Key points

  • Thoracic surgery has changed profoundly in the 21st century. Multidisciplinary treatment is evolving and surgeons have major collaborative roles in management of lung cancer, respiratory infections, chest trauma, paediatric respiratory disorders and end-stage respiratory insufficiency.

  • Today, lung cancer is the most frequent indication for thoracic surgery.

  • Lung transplantation is increasingly an option for patients with end-stage lung disease.

  • The organisation of thoracic surgery varies between European countries and precise figures on the number of centres and the number of procedures carried out each year are not available.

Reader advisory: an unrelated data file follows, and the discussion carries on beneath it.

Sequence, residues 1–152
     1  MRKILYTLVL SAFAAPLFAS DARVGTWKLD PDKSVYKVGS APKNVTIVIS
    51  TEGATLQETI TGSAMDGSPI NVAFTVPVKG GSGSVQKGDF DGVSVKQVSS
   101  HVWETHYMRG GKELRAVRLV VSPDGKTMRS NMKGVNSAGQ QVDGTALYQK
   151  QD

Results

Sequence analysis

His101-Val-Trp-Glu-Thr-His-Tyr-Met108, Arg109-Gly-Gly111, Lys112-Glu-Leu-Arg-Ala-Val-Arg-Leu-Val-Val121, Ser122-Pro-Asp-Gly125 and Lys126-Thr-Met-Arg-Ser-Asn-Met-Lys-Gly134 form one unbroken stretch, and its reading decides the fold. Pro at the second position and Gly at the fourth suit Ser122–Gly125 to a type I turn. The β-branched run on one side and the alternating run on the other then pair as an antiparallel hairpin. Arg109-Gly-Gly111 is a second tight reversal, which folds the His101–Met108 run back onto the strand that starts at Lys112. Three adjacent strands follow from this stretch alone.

• Thoracic surgeons need to be equally competent in pre-operative investigation and planning, the surgery itself and post-operative management.

  • Recent developments in thoracic surgery have focused on reducing invasiveness, particularly through the use of video-assistance, and on parenchyma-saving techniques such as sublobar resection.

  • To further stimulate progress in general thoracic surgery and to improve outcomes for patients, cooperation with respiratory physicians is of utmost importance.

See the entire Thoracic-surgery Chapter